I also think that McGill was let down quite badly by his editor. At times, it is difficult to understand his message. I wonder if it’s McGill’s desire to provide a balanced view that leads him in to flatly contradicting himself. We read that:

“Whatever your views on strike action, it must be made clear to you that if you are part of a union you will be obligated to strike. But this does not mean that you have to do it!”

“The laziest form of differentiation that exists is going into every lesson, setting a whole class task, waiting for students to produce an outcome, and then simply differentiating a follow-up task of feedback. Avoid this at all costs… However, in all honesty, occasionally we have to resort to this…”

And there are other occasions that are more reminiscent of Alan Partridge:

“I am proud to say – even though it makes me cringe at times when I look back – that the three form classes I had (two were over five years apiece) were a work of art.”

In short, this is a potentially very useful book that has not been executed particularly well. I cannot think of anything else that sets out to achieve what McGill has tried to do here and so I cannot recommend an alternative. Yet despite touching on some key issues for new teachers, ‘Teacher Toolkit: Helping you survive your first five years,” has little of real substance to say about them. I therefore would not recommend it to someone starting out in a teaching career.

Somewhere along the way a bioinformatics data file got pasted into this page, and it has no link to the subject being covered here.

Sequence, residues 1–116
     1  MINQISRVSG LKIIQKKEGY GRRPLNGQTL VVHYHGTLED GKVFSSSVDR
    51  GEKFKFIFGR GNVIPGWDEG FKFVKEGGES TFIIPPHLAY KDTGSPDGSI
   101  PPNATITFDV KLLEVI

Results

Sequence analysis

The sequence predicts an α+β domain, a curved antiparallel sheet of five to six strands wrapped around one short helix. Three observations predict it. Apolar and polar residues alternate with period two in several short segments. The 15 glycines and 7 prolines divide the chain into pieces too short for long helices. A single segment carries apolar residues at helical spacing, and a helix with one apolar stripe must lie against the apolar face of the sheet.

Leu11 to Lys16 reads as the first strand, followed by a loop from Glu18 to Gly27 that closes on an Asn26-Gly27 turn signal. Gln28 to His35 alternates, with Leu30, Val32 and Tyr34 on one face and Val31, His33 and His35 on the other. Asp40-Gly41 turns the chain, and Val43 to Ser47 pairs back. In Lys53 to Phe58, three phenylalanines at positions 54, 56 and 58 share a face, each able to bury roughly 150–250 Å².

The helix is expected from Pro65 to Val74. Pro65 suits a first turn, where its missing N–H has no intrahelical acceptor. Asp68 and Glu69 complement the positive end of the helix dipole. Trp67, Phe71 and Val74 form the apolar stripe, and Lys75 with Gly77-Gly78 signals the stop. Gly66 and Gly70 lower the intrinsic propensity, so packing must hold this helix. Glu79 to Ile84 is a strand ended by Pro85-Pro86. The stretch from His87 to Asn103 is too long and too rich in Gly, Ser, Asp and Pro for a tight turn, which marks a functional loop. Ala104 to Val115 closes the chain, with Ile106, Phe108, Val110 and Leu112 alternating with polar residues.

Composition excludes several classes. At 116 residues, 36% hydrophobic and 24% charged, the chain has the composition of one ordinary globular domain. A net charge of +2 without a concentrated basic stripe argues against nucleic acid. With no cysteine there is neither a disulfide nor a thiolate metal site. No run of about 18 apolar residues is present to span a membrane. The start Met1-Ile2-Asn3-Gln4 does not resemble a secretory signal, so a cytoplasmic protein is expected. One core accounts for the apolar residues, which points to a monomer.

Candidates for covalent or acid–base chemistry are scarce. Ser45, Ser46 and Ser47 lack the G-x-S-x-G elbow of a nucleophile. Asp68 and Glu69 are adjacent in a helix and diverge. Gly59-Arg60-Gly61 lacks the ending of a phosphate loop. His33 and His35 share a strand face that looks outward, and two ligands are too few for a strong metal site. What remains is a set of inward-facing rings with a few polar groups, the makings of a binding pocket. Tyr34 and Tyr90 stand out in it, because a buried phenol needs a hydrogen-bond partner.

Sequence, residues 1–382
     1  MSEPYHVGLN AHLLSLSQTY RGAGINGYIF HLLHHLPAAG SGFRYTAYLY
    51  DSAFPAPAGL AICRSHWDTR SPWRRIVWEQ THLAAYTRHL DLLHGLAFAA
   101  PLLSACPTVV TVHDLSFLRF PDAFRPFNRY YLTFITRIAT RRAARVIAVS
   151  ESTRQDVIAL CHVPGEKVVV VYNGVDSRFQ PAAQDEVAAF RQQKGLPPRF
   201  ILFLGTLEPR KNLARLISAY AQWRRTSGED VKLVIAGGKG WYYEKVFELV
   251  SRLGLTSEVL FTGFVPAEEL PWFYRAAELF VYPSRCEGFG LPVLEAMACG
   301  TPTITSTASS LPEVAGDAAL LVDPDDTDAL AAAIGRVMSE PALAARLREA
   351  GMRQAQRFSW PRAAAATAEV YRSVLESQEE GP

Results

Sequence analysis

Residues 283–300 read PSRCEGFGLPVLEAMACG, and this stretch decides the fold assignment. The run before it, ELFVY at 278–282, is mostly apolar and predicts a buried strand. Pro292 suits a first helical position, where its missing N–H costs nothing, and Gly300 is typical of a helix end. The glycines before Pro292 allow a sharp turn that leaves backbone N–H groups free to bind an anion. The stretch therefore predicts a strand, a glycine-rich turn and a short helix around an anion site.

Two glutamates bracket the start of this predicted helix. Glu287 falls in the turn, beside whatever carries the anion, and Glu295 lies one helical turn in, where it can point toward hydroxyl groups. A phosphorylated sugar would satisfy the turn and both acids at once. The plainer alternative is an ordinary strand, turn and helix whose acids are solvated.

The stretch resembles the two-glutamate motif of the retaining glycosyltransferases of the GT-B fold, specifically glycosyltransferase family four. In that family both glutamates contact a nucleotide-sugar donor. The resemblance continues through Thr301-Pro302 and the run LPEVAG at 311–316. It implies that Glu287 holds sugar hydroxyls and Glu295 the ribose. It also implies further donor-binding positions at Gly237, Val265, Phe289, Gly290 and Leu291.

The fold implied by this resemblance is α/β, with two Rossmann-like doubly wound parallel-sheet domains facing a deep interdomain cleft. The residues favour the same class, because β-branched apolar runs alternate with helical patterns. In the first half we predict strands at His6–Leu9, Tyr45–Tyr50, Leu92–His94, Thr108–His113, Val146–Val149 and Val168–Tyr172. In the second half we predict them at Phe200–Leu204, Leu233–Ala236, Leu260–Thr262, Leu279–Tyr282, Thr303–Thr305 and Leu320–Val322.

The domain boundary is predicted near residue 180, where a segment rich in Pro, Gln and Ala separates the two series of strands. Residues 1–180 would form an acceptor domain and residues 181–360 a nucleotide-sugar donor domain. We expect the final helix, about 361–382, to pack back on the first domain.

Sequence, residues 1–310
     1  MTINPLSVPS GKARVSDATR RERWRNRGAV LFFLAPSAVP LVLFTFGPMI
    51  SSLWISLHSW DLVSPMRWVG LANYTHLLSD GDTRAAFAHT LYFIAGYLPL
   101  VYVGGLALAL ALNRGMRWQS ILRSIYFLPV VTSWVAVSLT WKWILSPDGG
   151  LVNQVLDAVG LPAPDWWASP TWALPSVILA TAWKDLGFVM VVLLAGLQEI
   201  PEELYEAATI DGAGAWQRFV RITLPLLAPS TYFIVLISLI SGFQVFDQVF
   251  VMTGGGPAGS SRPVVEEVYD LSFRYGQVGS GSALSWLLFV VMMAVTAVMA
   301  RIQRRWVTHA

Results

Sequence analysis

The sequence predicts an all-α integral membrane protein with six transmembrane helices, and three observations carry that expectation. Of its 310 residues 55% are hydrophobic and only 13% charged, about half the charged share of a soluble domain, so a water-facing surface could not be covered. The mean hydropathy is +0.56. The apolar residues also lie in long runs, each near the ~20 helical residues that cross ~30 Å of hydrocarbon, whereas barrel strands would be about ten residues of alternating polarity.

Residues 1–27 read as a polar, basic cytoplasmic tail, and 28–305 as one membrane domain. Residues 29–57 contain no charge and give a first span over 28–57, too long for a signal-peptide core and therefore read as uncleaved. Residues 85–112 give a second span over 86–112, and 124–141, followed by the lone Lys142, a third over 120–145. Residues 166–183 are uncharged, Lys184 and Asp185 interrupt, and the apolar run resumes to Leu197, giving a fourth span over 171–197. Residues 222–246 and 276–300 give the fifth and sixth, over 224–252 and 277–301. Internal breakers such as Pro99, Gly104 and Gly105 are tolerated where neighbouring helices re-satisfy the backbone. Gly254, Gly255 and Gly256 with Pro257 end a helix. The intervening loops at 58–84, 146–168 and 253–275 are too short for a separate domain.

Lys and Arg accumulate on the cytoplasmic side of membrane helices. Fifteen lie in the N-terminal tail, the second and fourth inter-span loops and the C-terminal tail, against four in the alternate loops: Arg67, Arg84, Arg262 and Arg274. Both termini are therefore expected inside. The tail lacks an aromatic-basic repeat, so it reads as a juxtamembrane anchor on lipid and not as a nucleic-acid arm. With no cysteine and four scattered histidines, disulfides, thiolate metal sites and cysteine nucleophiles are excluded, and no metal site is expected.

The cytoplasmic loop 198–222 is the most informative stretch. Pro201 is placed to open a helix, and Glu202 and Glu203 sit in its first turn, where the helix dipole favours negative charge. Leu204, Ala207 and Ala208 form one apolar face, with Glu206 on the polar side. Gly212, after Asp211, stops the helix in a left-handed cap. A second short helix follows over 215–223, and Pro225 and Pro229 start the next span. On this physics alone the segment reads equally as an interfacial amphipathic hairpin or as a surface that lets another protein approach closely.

I am grateful for being sent a copy of this book to review.



3 thoughts on “Teacher Toolkit: Helping you survive your first five years – A Review

  1. Tempe says:

    I confess to being confused about what “feedback” is. I notice that the teacher rarely marks any workbooks so I’m wondering how they ascertain the students ability? Is it just a general sense the teacher has or does the letter on the report come largely from the one piece of assessment they may do for each subject per term? I found a couple of squiggles on my kids workbooks but nothing of any significance that I would call feedback. Her drills in maths don’t count towards her final maths mark either. I’m left scratching my head as to how my daughter would know where she needs to improve (assessments and tests are not given back to the student) and how the teacher decides on the overall mark.

  2. Pingback: My five favourite blogs of 2015 | David Didau: The Learning Spy